Author: V. Dimov, M.D., Allergist/Immunologist and Assistant Professor at University of Chicago
Reviewer: S. Randhawa, M.D., Allergist/Immunologist and Assistant Professor at NSU
A 39-year-old Caucasian female with a diagnosis of allergic rhinitis and asthma for 20 years is referred for evaluation to the allergy clinic. She was on Advair 250/50 bid (fluticasone/salmeterol) for two years, approximately four years ago, and then Advair was stopped by by her pulmonologist because her pulmonary function tests were normal. She is here for evaluation of allergic rhinitis by skin prick testing. She has increased shortness of breath with exercise. She reports loss of voice, cough, and shortness of breath when eating or laughing. The symptoms occur throughout the year. She also reports nasal congestion and for that, she takes Allegra D QAM and Allegra QPM . She rates the nasal symptoms as 5 out of 10 on a zero to 10 scale, when she is off the medication, and down to 1 to 2 out of 10 when she takes Allegra D. She also reports dry cough for 20 years which does not respond to albuterol. She exercises daily and uses albuterol 30 to 60 minutes before exercise, and then during her exercise routine for cough, change in her voice and shortness of breath. Thealbuterol helps, but it does not relieve her symptoms completely. She was on intranasal steroids in the past, but the spray was used inconsistently and she does not recall the effect of this treatment.
Past medical history (PMH)
Asthma, allergic rhinitis.
Allegra D in the morning and regular Allegra in the evening. Albuterol prn.
Positive exposure to tobacco smoke as a child, but none recently. Pets: She has two dogs. Occupation: physical therapist.
Mother with allergic rhinitis, daughter with exercise-induced asthma-like symptoms.
Vital signs stable.
Skin: No rashes. Eyes: Normal. Ears: Normal. Nose: Pale, boggy mucosa with clear discharge. Throat: Cobblestoning with posterior nasal drip. Respiratory system: Clear to auscultation bilaterally, no wheezing, rhonchi or crackles. Cardiovascular system: Clear S1, S2. Abdomen: Soft, non-tender, non-distended. Extremities: No edema.
The patient had a spirometry, which showed FVC of 100%, FEV1 of 93%, FEV1/FVC ratio 0.74. We performed bronchodilator test, which was negative. Her FVC improved by 2%, FEV by 4% and she did not feel an improvement in her cough. She also had skin prick testing with aeroallergens and they were all negative.
What is the most likely cause of the patient's symptoms?
Vocal cord dysfunction.
Laryngoscopic view of normal vocal folds. Image source: Wikipedia, Gray's Anatomy, public domain.
What treatment would you suggest?
This is a patient with long-standing history of shortness of breath, dyspnea on exertion, cough, change in her voice and postnasal drip. Currently, there is no convincing evidence of asthma, although she has exercise-induced symptoms. Vocal cord dysfunction (VCD) is strongly suspected and we would like the patient to followup with ENT for a rhinolaryngoscopic exam of her vocal cords to evaluate for vocal cord dysfunction. Rhinitis is most likely non-allergic. Skin prick testing is negative.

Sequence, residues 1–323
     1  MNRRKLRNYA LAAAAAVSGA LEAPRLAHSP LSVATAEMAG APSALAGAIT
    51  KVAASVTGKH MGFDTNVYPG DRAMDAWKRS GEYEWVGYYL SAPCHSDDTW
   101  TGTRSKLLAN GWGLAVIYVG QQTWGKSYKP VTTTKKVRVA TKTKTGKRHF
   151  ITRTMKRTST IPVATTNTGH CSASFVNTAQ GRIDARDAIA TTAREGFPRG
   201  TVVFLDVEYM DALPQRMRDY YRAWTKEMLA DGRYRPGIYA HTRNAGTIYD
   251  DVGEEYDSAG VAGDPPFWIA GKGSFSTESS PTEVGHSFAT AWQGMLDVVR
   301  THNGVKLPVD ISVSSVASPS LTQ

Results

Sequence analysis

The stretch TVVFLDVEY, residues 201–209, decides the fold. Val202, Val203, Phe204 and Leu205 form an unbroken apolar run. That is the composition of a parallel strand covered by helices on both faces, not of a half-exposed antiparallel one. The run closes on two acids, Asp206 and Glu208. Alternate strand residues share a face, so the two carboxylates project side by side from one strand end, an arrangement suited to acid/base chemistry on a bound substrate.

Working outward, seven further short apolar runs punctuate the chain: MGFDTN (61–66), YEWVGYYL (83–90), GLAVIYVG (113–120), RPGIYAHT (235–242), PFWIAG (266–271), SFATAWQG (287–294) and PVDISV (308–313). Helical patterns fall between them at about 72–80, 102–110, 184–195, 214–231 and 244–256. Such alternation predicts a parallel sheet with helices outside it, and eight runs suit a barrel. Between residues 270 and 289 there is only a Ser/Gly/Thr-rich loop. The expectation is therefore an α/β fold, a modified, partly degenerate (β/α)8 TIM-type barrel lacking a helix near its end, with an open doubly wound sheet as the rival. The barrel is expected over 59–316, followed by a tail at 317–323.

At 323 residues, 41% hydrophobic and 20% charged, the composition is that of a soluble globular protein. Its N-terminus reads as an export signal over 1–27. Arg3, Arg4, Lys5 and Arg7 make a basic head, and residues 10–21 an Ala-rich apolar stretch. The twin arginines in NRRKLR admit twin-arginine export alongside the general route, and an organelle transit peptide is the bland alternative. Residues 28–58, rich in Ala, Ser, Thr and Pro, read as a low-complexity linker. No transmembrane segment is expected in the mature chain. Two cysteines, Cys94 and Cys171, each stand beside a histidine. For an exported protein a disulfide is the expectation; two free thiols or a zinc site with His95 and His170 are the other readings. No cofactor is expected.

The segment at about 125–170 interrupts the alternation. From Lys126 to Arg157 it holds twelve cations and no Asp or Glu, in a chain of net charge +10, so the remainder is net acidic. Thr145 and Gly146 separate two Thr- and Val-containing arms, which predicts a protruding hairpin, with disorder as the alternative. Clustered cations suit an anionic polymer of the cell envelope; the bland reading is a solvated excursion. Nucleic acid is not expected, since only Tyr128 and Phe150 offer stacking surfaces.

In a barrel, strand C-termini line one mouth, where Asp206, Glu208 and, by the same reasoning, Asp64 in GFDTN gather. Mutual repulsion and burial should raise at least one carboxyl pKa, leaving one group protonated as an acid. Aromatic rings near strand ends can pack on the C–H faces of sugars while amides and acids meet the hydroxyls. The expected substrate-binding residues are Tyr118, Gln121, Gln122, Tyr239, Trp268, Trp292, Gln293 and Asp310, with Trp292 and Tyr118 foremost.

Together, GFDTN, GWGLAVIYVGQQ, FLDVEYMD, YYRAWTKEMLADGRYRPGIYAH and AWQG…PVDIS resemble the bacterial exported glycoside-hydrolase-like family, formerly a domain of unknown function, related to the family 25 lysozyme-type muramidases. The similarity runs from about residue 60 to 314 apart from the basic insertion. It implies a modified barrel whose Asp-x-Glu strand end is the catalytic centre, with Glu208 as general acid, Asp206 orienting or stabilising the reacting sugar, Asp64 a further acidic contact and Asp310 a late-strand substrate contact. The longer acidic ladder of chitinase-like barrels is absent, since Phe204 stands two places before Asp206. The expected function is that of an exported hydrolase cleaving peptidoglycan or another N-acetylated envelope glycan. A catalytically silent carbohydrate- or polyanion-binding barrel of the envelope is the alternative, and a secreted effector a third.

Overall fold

We advised the patient to stop Allegra and Allegra D and to use Veramyst two sprays daily. In order to be completely certain that asthma does not play a major role in her symptoms, she may need to have a methacholine challenge at her followup visit.
Vocal cord dysfunction (VCD).
Vocal cord dysfunction (VCD) is an an abnormal adduction of the vocal cords during the respiratory cycle (especially during the inspiratory phase) that produces airflow obstruction at the level of the larynx. Vocal cords should be open during inspiration. Paradoxically, they close during inspiration in patients with VCD.
VCD frequently mimics persistent asthma and is often treated with high-dose inhaled and/or systemic corticosteroids, bronchodilators, and may lead to multiple emergency department visits and hospitalizations.
Helpful hints to the diagnosis of VCD:
- patients reports symptoms in their throat or upper chest rather than in their chest, e.g. the typical chest tightness in asthma
- voice changes during the attack, e.g. hoarseness or loss of voice
- trouble "getting air in" (VCD) rather than getting air out (asthma)
- stridor (VCD) rather than wheezing (asthma)
- no relief with bronchodilator (albuterol) in VCD
Vocal Cord Dysfunction. Praveen Buddiga. eMedicine Specialties > Allergy and Immunology > Asthma.
Vocal Cord Dysfunction: Paradoxical Vocal Cord Motion - A Thorough Review. Grand Rounds Presentation, UTMB, Dept. of Otolaryngology. Todd M. Weiss, Francis B. Quinn, Jr., M.D.
Vocal cord dysfunction. Deckert J, Deckert L. Am Fam Physician. 2010 Jan 15;81(2):156-9.
Use of videography in the diagnosis of exercise-induced vocal cord dysfunction: A case report with video clips. JACI, Volume 119, Issue 6, Pages 1329-1331 (June 2007)
Breathing disorder can be difficult to detect. USA Today, 2011.
Olympic athlete hopeful improves her symptoms - and running time - after vocal training for vocal cord dysfunction. Daily Mail, 2011.
Long-ago asthma diagnosis didn’t explain boy’s difficulty breathing - The Washington Post http://wapo.st/QGMfTC
Video: Expiratory Vocal Cord Dysfunction and Laryngopharyngeal Reflux. CityAllergy: 62 yr old woman w/spasmodic coughing, wheezing and chronic dyspnea. Her PFTs showed a barely obstructive contour and she did not improve with inhaled or oral steroids. Her endoscopy showed evidence of LPR and posterior kinking of the larynx with expiration (classic VCD has inspiratory kinking).
Daniel E. Martin, PhD, SLP is the Director of the University of Chicago Voice Center, he specializes in VCD.